by Cathlyn Ann T. Herrera


A virtual roundtable discussion webinar facilitated by the University of the Philippine (UP) Diliman Office for the Advancement of Teaching, “AI AYAYAY!: A Conversation on Teaching and ChatGPT,” was posted through a Facebook live stream last Monday, February 13th.


The main panelists: Dr. Cynthia Rose Bautista; UP Vice President for Academic Affairs, Dr. Ma. Theresa Payongayong; UPD Vice Chancellor for Academic Affairs, Dr. Rex Jalao; coordinator of the UPD Artificial Intelligence Department, and Dr. Ramon Guillermo; representing UP for International Studies Department and one of the pioneers of Digital Humanities in the Philippines, with host and moderator, Ton Clemente.

The two-hour discussion focused on the emergence of ChatGPT as an Artificial Intelligence in general and brainstorming the best solution to address its effect on the higher education sector. The event was open to the public since one of the program’s objectives was to engage panelists and participants in an interactive discussion through a symposium while giving outside viewers a chance to give their own suggestions on the matter.

The program was designed to be a Q & A portion to which the panelists answer depending on their expertise on the subject. The interesting part was that the series of preliminary questions which were assigned to be answered by the panelists were revealed by ChatGPT itself. Sir Ton jokingly commented that this set-up was somewhat a “Senate inquiry in aid of legislation” since Google was also reported to be in the experimental stage of their own AI chatbots so it is most likely that soon, Artificial Intelligence (AI) tools like ChatGPT will be prominent.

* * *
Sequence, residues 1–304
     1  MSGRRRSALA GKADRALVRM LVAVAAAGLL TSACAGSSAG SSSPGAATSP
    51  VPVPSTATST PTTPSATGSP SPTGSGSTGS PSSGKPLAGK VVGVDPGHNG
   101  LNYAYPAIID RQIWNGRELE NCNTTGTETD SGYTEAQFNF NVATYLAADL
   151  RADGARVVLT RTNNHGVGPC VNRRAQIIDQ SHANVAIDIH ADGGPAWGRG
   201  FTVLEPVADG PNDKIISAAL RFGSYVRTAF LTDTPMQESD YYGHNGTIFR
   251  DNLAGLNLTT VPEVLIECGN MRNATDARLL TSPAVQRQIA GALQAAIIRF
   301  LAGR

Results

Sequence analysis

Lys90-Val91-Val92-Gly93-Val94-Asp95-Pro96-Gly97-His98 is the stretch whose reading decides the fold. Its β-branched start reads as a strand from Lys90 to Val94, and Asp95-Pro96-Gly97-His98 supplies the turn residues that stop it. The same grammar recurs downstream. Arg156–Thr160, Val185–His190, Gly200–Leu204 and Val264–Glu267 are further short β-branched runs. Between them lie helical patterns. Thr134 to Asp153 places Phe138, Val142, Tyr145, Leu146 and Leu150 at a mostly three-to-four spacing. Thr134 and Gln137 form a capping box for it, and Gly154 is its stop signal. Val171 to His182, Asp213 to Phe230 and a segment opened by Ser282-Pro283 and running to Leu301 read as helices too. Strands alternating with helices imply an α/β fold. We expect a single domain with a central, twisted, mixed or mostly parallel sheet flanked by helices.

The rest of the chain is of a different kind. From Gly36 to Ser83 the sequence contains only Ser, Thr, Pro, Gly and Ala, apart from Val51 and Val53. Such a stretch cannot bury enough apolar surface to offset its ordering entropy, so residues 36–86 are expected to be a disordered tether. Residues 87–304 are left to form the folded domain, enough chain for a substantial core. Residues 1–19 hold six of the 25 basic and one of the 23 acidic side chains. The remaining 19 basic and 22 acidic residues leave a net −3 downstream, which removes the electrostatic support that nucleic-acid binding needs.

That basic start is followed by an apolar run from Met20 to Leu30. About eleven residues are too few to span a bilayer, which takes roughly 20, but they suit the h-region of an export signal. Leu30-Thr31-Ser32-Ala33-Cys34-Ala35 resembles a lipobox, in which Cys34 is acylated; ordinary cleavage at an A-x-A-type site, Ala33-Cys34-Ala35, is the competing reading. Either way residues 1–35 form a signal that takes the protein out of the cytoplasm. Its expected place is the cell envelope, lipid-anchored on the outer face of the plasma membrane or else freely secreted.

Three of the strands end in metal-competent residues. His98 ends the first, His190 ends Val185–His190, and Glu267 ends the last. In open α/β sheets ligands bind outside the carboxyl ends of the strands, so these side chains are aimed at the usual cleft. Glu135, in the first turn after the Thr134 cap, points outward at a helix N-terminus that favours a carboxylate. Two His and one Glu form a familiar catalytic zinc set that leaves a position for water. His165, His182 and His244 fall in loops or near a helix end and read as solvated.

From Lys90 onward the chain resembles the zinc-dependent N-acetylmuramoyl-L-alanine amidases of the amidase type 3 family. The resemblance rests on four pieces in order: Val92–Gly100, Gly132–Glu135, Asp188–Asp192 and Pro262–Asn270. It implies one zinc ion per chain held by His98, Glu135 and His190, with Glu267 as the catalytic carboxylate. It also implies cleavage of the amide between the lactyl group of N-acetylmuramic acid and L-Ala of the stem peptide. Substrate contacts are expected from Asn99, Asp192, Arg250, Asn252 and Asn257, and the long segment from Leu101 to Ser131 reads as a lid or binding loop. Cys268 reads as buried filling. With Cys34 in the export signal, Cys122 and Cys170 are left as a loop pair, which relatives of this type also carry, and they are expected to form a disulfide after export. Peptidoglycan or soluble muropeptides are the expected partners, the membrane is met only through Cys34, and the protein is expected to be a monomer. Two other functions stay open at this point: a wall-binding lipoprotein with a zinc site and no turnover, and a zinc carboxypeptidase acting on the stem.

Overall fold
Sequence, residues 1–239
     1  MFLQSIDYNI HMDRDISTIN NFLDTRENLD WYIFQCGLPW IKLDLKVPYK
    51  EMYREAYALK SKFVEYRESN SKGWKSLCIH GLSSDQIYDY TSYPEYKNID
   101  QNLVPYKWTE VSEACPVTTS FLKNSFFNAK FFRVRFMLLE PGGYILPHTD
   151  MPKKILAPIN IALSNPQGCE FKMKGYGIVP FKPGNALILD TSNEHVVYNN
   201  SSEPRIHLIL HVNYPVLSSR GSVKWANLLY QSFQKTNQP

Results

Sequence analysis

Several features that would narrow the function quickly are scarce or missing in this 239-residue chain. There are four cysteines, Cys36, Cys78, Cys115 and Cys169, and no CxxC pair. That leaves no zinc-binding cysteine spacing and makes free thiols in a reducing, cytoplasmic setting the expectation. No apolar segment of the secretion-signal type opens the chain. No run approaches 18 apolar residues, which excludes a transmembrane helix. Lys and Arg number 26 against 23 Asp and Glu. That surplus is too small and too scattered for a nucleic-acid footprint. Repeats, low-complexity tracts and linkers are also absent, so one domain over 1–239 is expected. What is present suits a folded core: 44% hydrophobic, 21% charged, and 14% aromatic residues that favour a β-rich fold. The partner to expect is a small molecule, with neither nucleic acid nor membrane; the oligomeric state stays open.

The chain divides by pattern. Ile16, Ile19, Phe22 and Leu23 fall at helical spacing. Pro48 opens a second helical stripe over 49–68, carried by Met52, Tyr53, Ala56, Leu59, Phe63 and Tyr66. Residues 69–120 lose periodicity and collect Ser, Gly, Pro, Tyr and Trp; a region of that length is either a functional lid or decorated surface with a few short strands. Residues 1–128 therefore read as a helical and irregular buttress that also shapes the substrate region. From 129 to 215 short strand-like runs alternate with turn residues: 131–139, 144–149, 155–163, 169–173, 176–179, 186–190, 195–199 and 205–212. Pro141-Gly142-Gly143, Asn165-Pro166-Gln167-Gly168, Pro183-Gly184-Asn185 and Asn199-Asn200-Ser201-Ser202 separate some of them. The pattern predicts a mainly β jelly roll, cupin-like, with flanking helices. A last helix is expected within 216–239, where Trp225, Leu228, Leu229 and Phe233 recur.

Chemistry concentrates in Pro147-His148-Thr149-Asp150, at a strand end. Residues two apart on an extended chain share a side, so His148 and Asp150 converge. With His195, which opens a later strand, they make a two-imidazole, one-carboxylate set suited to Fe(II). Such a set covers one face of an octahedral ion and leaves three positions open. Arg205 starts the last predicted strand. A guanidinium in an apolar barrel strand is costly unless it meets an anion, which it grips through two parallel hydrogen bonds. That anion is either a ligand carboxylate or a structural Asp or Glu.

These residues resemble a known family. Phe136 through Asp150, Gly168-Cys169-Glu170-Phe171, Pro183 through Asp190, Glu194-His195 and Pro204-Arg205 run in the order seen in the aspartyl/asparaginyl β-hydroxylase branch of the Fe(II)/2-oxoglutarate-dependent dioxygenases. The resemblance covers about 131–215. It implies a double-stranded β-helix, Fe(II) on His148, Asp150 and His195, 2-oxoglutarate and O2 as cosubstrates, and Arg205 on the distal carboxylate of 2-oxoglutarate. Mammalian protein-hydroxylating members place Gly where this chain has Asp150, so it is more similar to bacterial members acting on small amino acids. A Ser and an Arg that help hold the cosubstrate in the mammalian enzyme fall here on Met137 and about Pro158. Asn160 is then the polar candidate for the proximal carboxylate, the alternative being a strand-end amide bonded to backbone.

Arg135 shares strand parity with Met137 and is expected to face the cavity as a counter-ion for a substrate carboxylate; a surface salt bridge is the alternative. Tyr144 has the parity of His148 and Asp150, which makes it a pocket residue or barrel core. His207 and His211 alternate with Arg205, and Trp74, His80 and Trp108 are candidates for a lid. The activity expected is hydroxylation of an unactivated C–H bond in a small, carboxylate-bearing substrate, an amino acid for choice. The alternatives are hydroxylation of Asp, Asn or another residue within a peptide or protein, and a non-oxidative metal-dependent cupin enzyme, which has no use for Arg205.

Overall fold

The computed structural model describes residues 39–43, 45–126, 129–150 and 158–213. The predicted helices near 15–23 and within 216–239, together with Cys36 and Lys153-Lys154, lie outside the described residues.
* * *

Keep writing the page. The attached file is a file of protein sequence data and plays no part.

ChatGPT according to Dr. Jalao, is an intelligent chatbot that gathers data from a massive dataset which is a compilation of information from books, and websites, among others and, it answers with historical accuracy and correct grammar. In its essence, Sir Clemente mentioned it’s similar to AI-generated customer services platforms like Shopee, putting GPT simply for viewers not familiar with it. To broaden our perspective about AI in general, Dr. Guillermo, shared that usually, sports articles that we saw published in journals and prestigious publications were actually machine-writable texts to make the news fresh and it jumps the lengthy process of editing and proofreading.

The webinar was held last February 13th,  via Zoom.

Sir Clemente remarked that “the possibilities that AI can provide are seemingly endless.”  But Dr. Guillermo stated that “ChatGPT is an example of a disembodied AI in this language-based world.” This means that it can gather information but never experience since it was limited only to language. Due to that, he implied that it was a good move to work on embodied pedagogy while explicitly making students aware of ChatGPT by integrating it into education. Dr. Payongayong, on the other hand, was asked about the safeguards and the need to create copyright policies given the situation. But she clarified that the university had existing guidelines on copyrights, plagiarism, intellectual property, and intellectual dishonesty and students were expected to be well-informed about it. Dr. Cynthia added that ChatGPT-generated texts would not be detected by plagiarism checkers because they can provide different answers to the same questions. The fear for this tool was heightened since AI was known to evolve and develop consistently so it has the ability to transcend its own shortcomings in the future.